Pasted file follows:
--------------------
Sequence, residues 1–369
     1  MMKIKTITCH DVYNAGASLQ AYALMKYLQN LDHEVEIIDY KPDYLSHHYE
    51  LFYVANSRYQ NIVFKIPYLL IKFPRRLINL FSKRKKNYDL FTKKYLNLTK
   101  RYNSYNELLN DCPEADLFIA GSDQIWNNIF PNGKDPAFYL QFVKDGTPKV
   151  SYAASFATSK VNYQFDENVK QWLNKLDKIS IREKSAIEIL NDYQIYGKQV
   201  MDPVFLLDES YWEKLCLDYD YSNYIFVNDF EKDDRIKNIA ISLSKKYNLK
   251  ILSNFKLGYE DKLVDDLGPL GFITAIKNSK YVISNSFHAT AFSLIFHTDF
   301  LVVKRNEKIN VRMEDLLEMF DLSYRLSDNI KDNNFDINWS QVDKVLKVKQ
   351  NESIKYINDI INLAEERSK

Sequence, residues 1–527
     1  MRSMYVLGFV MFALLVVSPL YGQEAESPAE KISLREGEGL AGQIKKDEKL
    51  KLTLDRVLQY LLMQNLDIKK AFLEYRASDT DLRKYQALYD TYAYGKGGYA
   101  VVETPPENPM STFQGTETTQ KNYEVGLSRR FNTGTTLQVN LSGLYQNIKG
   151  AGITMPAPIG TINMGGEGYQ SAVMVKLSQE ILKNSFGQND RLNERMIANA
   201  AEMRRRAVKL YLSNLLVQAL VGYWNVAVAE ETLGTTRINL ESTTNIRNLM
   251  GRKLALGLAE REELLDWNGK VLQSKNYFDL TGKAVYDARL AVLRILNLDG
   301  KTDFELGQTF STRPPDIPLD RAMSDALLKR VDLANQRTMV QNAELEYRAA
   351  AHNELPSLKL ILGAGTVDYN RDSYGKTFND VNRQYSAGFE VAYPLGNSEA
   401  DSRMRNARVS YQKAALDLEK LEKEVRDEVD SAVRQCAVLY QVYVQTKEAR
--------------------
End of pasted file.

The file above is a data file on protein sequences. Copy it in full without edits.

Sequence, residues 1–369
     1  MMKIKTITCH DVYNAGASLQ AYALMKYLQN LDHEVEIIDY KPDYLSHHYE
    51  LFYVANSRYQ NIVFKIPYLL IKFPRRLINL FSKRKKNYDL FTKKYLNLTK
   101  RYNSYNELLN DCPEADLFIA GSDQIWNNIF PNGKDPAFYL QFVKDGTPKV
   151  SYAASFATSK VNYQFDENVK QWLNKLDKIS IREKSAIEIL NDYQIYGKQV
   201  MDPVFLLDES YWEKLCLDYD YSNYIFVNDF EKDDRIKNIA ISLSKKYNLK
   251  ILSNFKLGYE DKLVDDLGPL GFITAIKNSK YVISNSFHAT AFSLIFHTDF
   301  LVVKRNEKIN VRMEDLLEMF DLSYRLSDNI KDNNFDINWS QVDKVLKVKQ
   351  NESIKYINDI INLAEERSK

Sequence, residues 1–527
     1  MRSMYVLGFV MFALLVVSPL YGQEAESPAE KISLREGEGL AGQIKKDEKL
    51  KLTLDRVLQY LLMQNLDIKK AFLEYRASDT DLRKYQALYD TYAYGKGGYA
   101  VVETPPENPM STFQGTETTQ KNYEVGLSRR FNTGTTLQVN LSGLYQNIKG
   151  AGITMPAPIG TINMGGEGYQ SAVMVKLSQE ILKNSFGQND RLNERMIANA
   201  AEMRRRAVKL YLSNLLVQAL VGYWNVAVAE ETLGTTRINL ESTTNIRNLM
   251  GRKLALGLAE REELLDWNGK VLQSKNYFDL TGKAVYDARL AVLRILNLDG
   301  KTDFELGQTF STRPPDIPLD RAMSDALLKR VDLANQRTMV QNAELEYRAA
   351  AHNELPSLKL ILGAGTVDYN RDSYGKTFND VNRQYSAGFE VAYPLGNSEA
   401  DSRMRNARVS YQKAALDLEK LEKEVRDEVD SAVRQCAVLY QVYVQTKEAR